How simple. What a simple way to feel content. And yet, it's not all that. What about the storms that rage when you are trying to solve an idea and find yourself failing again and again? What about those moments when nothing you are working on is working? When there is nothing to turn to with your hands that you can continue, change, develop? Not so good, those times. And then the moment comes when the idea you suddenly woke up with stuck inside your head begins to transform itself, begins to take shape, seems possible, seems entirely yours or at least somewhat yours because every little step we advance is based on a step someone else already took.
Anyway, there it is: you are shaping a little universe with your hands and it is all your are for the time you spend there.
I find eventually I do want to leave. Yes, I have spent many hours at a stretch working on one thing. But my usual level of attention on any one thing for any one stretch of time is two to three hours. Sometimes I am burnt out for the day. Sometimes I need to turn to some other medium or just some other project. It depends. And then of course there is the constant pull to run Mirrix!
I don't know if I could exist without making art. It has become such a central theme for my life. I don't know how to live differently. A few years ago I was visiting my parents in Corsica with my two children. I brought a lot of toys to play with. I dabbled very briefly with my toys. In the end, I made bead patterns on my computer and never so much as made an actual item out of anything. I was so proud of myself for essentially doing nothing for five weeks, for creating nothing physical for five weeks and just hanging out with my family. I needed to do that. They weren't strangers at a campground from whom I needed to escape. I also needed to know I could live without my addiction for a period of time. When I returned home I was back to it instantly, but the break from my usual compulsive need to create was a good thing.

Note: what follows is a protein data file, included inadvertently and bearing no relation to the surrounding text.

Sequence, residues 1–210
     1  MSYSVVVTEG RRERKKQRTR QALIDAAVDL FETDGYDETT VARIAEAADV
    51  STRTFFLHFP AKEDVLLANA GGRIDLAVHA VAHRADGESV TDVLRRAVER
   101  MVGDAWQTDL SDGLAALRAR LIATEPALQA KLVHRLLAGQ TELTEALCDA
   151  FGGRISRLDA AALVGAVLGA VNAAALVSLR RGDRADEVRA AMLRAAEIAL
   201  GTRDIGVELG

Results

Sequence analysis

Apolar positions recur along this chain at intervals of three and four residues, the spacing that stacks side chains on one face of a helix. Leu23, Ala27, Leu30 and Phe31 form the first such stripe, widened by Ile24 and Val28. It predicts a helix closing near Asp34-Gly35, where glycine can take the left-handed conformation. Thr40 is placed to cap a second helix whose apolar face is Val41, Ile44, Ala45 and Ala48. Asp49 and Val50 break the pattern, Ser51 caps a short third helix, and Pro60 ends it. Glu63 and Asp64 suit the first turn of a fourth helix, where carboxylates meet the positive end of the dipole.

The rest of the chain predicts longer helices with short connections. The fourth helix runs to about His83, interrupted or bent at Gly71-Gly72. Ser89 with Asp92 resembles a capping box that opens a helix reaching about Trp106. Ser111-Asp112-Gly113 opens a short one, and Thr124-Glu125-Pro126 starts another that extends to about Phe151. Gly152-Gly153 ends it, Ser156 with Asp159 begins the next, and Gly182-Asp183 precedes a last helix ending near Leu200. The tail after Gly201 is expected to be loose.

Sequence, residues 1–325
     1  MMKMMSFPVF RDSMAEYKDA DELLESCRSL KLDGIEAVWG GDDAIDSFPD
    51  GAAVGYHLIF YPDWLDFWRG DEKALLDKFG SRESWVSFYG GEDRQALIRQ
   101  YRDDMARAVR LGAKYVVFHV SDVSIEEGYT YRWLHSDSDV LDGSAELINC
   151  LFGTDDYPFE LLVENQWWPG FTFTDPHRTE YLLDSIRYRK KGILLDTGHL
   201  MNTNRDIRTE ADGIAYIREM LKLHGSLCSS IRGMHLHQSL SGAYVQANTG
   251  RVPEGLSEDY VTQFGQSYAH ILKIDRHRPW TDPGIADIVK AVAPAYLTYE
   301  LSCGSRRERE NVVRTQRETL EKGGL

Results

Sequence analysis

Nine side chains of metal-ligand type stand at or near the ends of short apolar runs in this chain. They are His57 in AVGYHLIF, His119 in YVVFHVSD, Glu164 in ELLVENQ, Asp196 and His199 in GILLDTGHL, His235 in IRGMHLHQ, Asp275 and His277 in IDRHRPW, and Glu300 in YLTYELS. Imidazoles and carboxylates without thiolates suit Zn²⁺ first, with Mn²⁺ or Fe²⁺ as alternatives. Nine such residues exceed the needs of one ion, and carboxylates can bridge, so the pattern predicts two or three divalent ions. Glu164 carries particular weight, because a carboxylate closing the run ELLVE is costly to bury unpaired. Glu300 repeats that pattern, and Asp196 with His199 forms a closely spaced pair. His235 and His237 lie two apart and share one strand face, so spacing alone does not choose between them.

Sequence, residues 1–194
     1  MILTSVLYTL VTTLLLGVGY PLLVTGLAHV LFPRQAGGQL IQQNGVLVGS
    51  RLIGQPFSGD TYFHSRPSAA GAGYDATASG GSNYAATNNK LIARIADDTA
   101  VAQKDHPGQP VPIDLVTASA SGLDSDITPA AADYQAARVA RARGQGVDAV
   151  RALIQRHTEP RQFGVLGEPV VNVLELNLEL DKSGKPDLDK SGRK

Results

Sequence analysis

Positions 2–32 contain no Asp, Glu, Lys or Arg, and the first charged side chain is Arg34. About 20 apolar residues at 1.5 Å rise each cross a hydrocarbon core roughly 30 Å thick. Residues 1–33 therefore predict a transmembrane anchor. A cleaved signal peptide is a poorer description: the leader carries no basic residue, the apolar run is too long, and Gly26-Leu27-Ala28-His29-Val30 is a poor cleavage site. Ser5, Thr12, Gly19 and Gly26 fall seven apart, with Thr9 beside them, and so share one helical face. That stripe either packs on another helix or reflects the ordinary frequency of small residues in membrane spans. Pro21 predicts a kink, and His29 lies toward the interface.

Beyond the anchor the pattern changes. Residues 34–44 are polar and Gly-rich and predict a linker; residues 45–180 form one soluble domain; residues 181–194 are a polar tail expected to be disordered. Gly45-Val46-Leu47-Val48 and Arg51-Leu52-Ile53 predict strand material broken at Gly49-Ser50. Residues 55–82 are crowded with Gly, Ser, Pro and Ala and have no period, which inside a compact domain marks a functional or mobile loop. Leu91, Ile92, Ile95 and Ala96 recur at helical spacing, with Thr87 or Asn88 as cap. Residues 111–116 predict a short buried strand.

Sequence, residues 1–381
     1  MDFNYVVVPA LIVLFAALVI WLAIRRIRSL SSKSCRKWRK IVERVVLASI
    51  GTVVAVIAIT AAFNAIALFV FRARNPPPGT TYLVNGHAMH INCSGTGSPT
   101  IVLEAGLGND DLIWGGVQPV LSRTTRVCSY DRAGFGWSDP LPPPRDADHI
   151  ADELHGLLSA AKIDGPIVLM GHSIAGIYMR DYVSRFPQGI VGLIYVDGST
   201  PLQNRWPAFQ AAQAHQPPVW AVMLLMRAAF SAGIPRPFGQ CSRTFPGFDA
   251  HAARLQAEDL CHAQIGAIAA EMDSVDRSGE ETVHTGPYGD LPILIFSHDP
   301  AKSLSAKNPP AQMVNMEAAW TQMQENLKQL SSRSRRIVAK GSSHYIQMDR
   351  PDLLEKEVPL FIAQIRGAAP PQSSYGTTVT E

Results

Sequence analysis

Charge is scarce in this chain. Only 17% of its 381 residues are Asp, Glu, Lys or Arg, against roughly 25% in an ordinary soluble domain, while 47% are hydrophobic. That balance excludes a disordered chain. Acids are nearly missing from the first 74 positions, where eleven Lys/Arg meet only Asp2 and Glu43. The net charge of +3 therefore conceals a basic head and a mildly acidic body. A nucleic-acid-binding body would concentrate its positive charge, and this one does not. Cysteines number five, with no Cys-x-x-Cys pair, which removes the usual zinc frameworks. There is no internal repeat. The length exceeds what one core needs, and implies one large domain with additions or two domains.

Where did it begin? Can you answer that question? What was the first hint that you were destined to make things? I can. But I'll save it for another blog.



Mirrix Home

 

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Two nights and one day in Vermont


We got two days off (well, really one and a half). We spent two nights in Stowe Vermont. Nice camp ground, sweet little shelter, no bugs. This is all good. And I had my beadwork with me. So I said to Rick (husband, on right) let's not hike Mansfield because something a little smaller would be better. Okay, he says. So, we hiked Spruce Mountain instead. Five and a half hours later we were done. I mean done. Mansfield would have taken five hours. It's steeper but a lot shorter. But I should know my husband by now. I should know that there is no such thing as a short hike. Oh, and then he wanted to take a little paddle in the canoe (that would have been an hour long paddle full speed). Gotta leave some wake behind. But the sky had the good sense to fall in rain drops, so we nixed the canoe moment and headed home. I did make an off-loom piece which I will post if I get the inspiration. I left my Mirrix home. Sometimes you just have to leave even your Mirrix behind.

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Looking Back

Looking Back

I haven't woven (or should I say, finished) a tapestry in a very long time. Inspired by a customer who just ordered the 38 inch weave to embark on tapestry (and bead weaving) after having in her past woven fabric, I decided I needed to look at some of my past tapestry images. So I picked ones that are nolonger with me. You don't think you are going to miss these pieces when you sell them. You think: wow someone gave me money for that and it's going to hang on their wall. Isn't that great! But I miss them.